This superb Technic kei-class truck is a Daihatsu Hijet S110P, and it comes from syclone of Eurobricks who has packed it with an unfathomably large amount of features.

Under the really rather good exterior is a full remote control drivetrain, complete with all-wheel-suspension, all-wheel-drive, servo steering (linked to the steering wheel too), opening and locking doors, dropping bed side walls, and even working headlights.

There’s loads more of syclone’s Daihatsu Hijet to see at the Eurobricks forum, including a video of the kei truck in action. Take a look via the link above!

*That’s what she said.

Box Clever

Japan has two car markets; one for ‘normal’ cars like Corollas, Crowns and suchlike, and the other – the kei class – for vehicles such as these two.

Designed to ensure that car ownership in Japan’s tight streets and congested cities doesn’t completely break the road network, kei cars must measure less than 3.4m in length, 1.48m in width, and have an engine no bigger than 660cc (if powered by an internal combustion engine).

Denoted by their yellow number plates, kei cars benefit from lower taxation than regular cars, but they must comply with reduced speed limits too. Although that’s probably so they don’t fall over.

Over one in three cars sold in Japan are in the kei class, and the specs can be wild, with turbocharging, all-wheel-drive, and even convertible sports cars available.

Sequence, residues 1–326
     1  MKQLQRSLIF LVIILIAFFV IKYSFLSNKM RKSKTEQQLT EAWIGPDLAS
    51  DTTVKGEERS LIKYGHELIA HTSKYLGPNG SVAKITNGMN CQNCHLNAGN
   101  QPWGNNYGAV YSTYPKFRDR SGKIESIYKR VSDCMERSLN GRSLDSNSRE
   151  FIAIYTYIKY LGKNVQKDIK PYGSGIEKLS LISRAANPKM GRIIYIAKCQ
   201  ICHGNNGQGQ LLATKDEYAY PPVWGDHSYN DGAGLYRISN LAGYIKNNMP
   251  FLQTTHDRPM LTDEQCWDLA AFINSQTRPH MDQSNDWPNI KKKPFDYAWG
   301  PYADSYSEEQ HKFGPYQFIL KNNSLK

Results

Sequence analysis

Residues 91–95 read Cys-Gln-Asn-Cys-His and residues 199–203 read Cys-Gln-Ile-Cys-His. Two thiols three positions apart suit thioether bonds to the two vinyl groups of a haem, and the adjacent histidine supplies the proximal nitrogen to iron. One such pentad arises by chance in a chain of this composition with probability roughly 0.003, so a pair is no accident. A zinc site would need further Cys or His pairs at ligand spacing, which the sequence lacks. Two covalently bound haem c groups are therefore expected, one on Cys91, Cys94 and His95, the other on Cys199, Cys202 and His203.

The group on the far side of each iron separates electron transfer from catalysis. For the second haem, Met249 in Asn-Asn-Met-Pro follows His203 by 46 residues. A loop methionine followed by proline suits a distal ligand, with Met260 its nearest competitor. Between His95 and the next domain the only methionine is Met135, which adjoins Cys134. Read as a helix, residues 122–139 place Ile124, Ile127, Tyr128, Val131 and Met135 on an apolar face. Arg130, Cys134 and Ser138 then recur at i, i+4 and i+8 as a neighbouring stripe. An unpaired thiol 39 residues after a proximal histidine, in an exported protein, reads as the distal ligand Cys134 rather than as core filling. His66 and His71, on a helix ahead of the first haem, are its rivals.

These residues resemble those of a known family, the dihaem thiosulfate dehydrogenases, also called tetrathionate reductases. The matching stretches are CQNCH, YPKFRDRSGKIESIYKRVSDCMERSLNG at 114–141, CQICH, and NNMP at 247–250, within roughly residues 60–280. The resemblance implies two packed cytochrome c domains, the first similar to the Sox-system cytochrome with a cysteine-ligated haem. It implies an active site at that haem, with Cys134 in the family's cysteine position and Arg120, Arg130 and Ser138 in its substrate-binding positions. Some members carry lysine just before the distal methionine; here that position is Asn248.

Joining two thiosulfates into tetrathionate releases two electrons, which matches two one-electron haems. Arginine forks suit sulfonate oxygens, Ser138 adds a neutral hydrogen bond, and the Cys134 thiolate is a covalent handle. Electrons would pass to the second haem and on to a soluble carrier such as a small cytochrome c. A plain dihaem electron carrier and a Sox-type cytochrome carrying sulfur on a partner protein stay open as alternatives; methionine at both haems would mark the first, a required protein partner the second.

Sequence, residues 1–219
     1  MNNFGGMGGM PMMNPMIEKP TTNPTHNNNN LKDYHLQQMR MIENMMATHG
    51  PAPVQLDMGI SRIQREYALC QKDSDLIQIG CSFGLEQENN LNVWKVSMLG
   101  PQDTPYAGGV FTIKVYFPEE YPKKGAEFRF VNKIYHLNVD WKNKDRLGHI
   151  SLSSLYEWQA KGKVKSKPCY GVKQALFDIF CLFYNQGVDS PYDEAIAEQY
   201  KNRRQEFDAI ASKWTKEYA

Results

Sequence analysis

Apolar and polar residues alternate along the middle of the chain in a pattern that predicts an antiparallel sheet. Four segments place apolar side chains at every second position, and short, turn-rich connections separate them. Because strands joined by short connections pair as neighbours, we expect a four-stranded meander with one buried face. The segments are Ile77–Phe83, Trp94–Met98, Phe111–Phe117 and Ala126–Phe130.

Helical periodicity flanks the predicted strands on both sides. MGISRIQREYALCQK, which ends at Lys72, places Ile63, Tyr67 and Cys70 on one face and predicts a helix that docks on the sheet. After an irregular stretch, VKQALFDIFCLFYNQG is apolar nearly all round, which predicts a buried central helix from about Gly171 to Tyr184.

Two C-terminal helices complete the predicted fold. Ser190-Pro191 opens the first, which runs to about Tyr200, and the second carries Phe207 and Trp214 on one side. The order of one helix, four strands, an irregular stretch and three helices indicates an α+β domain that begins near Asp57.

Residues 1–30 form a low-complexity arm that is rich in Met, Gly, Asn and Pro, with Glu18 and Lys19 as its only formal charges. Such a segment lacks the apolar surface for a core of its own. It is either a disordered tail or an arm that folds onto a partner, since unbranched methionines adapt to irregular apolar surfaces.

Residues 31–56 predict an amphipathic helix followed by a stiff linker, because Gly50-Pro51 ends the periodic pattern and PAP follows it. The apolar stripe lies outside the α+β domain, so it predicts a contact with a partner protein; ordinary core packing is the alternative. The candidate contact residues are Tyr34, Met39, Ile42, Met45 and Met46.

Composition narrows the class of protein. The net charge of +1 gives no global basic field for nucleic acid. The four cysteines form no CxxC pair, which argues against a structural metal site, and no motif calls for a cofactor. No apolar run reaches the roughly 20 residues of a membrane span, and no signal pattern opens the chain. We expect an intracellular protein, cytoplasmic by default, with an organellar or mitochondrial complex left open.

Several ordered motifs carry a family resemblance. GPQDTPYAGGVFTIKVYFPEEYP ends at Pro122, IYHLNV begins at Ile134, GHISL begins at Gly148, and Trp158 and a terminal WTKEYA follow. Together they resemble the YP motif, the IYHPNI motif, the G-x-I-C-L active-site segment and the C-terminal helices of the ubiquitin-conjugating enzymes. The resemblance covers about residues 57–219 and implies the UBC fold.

Most kei cars however, look like these two; a box measuring exactly 3.4m long and 1.48m wide, precisely maximising the interior space within the permitted exterior dimensions.

The Daihatsu Move Canbus and the Honda N-Box Slash pictured here are both the work of Flickr’s Ralph Savelsberg, who has constructed them in his trademark Miniland style.

Each packs as much detail as possible into a tiny package, which is appropriate, and there’s more of each build to see at Ralph’s photostream. Click the link above to see what’s inside the box.

Purple Haze

The Honda Acty is not a fast car. In fact, in second generation 35bhp 550cc form, it is a very slow one. We therefore very much appreciate the mildly deranged mind of someone who decides to turn the 1980s kei van into a dragster. Cue Michael217, who has done just that, equipping his Model Team recreation of the Acty with dragster wheels, a wheelie bar, and a LEGO Buggy Motor – which explains the requirement for the first two items. Plus it’s purple.

There’s more to see of Michael’s brilliant remote control Honda Acty dragster at both Eurobricks and Bricksafe, and you can find today’s awesome title song by clicking here.

Cute Cops

Lego Daihatsu Mira Gino

We love Japan. It’s home to the newest technology, some of the world’s greatest cars, Takeshi’s Castle, and even a giant city-destroying lizard.

But for every amazing thing to come from Japan’s industrious population something completely perplexing will emerge too. Pokemon, used underwear vending machines (yes, really), and the Daihatsu Mira Gino all probably fit into this category. It’s the Gino we’re featuring here today, looking like a sort of tragic copy of an original Mini, and… er, resplendent in Japanese Police livery.

We Googled the Mira Gino and luckily for the Japanese cops we didn’t find one image of it in crime-fighting form, so Seiji N‘s Lego recreation is hopefully only a work of fiction. But it does look kinda cute…

You can see more of Seiji N’s Daihatsu Mira Gino police car at his Flickr photostream – click the link above to make the trip.

Lego Mira Gino